Unilever’s chief executive Alan Jope recently announced a plan to continue to "dispose" of any brands that lack social purpose. Patagonia recently said it would stop producing co-branded apparel for companies that don’t share its environmental practices and ethos. The brand had become popular with Wall Street bros and corporates who proudly adorned themselves with Patagonia Nano Puff as their office uniform. Patagonia also made headlines when it announced it would donate the $10m Trump tax credit back to the environment.
These are just two small examples of well-known, well-regarded companies who deliberately place social purpose at its core and at the heart of its business models. Some say Unilever made the pivot towards purpose having been inspired by its Ben and Jerry’s acquisition. Patagonia, on the other hand, was founded squarely, proudly and unapologetically on purpose by Yvon Chouinard in 1973. Regardless, both companies and their leadership teams have hero status with me.
There’s a shared and underreported theme that lies beneath the surface of these two companies. Valour. Audacity. Courage. Resolve.
Unilever and Patagonia both have, will, and will continue to face some criticism for their choices to pursue purpose alongside profit. Taking a stand on important issues and making business decisions to support these issues may alienate a few customers here and there. But both companies also know that it’s better to steadfastly stand for something, anything, while other brands are content playing the role of willful, tone-deaf bystander. Consumers today want to buy from good companies, not just good products.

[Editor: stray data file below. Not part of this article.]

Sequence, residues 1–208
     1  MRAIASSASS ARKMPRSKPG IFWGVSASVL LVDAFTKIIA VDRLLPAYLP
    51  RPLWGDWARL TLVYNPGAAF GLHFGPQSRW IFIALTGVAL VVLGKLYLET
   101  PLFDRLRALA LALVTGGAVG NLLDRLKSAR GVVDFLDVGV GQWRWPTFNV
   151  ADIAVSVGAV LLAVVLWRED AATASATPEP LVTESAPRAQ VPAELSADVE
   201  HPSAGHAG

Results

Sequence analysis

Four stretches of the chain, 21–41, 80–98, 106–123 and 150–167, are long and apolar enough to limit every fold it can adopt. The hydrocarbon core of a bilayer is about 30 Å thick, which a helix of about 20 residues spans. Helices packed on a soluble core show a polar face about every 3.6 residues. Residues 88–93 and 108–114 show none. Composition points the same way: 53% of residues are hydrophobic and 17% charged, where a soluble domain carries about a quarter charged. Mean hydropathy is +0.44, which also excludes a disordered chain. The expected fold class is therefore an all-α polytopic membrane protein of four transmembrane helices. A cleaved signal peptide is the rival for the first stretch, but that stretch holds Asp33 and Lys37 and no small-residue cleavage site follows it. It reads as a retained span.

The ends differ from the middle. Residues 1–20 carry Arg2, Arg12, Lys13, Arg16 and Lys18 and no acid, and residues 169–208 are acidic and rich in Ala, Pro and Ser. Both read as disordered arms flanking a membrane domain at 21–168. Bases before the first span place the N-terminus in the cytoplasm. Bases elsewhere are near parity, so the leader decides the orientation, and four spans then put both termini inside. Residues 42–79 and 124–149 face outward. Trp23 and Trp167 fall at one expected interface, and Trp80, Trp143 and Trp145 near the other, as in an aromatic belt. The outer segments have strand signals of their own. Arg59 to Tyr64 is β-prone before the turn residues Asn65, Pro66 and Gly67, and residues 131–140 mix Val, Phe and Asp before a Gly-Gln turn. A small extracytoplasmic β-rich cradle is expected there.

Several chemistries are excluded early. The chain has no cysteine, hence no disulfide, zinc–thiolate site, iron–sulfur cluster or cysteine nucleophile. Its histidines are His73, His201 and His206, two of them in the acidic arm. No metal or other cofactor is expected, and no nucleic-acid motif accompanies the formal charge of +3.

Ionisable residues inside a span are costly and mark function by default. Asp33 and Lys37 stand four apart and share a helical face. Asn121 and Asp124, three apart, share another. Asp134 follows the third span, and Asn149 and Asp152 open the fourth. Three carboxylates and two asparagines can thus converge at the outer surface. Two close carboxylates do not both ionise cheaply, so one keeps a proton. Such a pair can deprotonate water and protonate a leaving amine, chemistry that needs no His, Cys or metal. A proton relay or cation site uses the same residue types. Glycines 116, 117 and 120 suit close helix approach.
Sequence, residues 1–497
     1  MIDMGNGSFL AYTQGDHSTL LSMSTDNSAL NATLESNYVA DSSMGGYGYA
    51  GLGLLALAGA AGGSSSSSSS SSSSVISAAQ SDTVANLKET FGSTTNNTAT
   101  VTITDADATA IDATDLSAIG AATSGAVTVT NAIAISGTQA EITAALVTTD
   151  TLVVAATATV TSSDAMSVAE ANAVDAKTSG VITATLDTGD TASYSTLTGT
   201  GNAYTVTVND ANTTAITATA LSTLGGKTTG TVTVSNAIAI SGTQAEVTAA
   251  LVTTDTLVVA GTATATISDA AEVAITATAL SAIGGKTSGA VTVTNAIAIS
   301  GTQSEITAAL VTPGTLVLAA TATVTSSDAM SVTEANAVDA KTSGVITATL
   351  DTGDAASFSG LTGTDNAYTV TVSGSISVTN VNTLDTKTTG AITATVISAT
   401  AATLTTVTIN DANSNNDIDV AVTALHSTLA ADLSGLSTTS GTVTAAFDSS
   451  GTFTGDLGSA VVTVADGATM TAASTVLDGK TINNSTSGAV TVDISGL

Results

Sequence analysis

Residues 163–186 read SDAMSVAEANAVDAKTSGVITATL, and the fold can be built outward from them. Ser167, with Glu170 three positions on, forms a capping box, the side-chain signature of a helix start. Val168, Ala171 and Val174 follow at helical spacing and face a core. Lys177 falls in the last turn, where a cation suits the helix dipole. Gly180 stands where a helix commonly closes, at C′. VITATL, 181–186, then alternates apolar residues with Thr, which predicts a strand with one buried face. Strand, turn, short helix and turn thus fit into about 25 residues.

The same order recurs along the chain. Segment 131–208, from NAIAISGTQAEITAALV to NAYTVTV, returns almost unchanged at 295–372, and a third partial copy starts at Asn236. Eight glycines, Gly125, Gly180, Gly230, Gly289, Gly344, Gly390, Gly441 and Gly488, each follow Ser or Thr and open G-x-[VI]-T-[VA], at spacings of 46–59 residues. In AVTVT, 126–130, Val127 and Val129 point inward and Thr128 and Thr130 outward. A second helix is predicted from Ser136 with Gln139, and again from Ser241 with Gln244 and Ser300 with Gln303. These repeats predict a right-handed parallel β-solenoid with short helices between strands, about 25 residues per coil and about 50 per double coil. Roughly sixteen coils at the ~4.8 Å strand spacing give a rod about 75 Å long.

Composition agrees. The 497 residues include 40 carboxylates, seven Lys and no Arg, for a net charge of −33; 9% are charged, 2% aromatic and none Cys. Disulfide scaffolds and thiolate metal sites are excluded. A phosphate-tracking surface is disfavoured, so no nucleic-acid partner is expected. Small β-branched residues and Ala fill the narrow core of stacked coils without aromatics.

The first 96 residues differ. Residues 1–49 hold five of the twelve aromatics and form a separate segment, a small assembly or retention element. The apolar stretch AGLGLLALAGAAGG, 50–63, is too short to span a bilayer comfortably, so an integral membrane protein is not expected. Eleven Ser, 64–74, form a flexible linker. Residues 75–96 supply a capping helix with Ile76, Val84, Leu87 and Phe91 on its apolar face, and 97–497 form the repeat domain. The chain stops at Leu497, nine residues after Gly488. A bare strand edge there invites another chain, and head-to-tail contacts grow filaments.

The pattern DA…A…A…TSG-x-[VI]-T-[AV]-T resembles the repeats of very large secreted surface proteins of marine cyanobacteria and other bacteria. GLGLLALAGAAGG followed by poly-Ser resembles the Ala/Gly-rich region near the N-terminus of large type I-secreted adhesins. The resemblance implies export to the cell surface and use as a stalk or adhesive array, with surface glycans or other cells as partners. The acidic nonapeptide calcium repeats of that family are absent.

It's also a known fact that doing the right thing is actually good for business. ESG-led, publicly listed companies now outperform the market as do companies that have more diverse and inclusive leadership teams and workforces. It’s true for Unilever too. According to a recent announcement by Unilever, last year 28 of what it classifies as “sustainable living brands” – those taking action to support positive change for people and the planet – grew 69% faster than the rest of its business. Bravo.
It’s not just Unilever of course. P&G has been dabbling in purpose with its wildly successful “Like a Girl” campaign for the Always brand. It hoped lightning could strike twice by releasing a ‘toxic masculinity” campaign earlier this year for the Gillette brand. It was an epic overreach and epic fail for many reasons. I do, however, like the documentary film P&G just released (in time for Pride month) which details the challenges faced by a group of former and current P&G LGBT+ staff in the early 90s who fought for greater equality in their workplace.
Not every company can match Patagonia’s tax donation, let alone follow in its footsteps. And not every organization is in a position like Unilever to start dropping brands or products that don’t meet the “purpose criteria.” There are, however, a lot of brands out there talking about purpose and these two brands are setting a path for others to follow, proving that it doesn’t mean sacrificing growth or profit. It’s just the opposite.
And some companies, like the US-based retailer Wayfair, blindly choose to ignore its conscience even under employee and investor duress. Wayfair employees this week asked their CEO to stop selling beds to detention centers. Wayfair’s billionaire CEO, co-founder and son of immigrants himself, Niraj Shah, said “we believe it is our business to sell to any customer who is acting within the laws of the countries within which we operate.”
This week I launched Brand on Purpose, a podcast dedicated towards speaking with senior leaders, entrepreneurs and investors from both well-known and emerging purpose-driven companies about how authentically engaging in social impact initiatives can elevate both brands and the communities they serve. Organizations that understand the inherent value of centering their identity around social purpose have a tremendous opportunity to differentiate themselves and impact the communities and people they serve. By showcasing brands and programs that support social justice and well-being, such as sustainability, clean water and fighting hunger and poverty, I hope that Brand on Purpose promotes larger conversations around how working toward a greater purpose unites us and inspires action while at the same time running a performative business.
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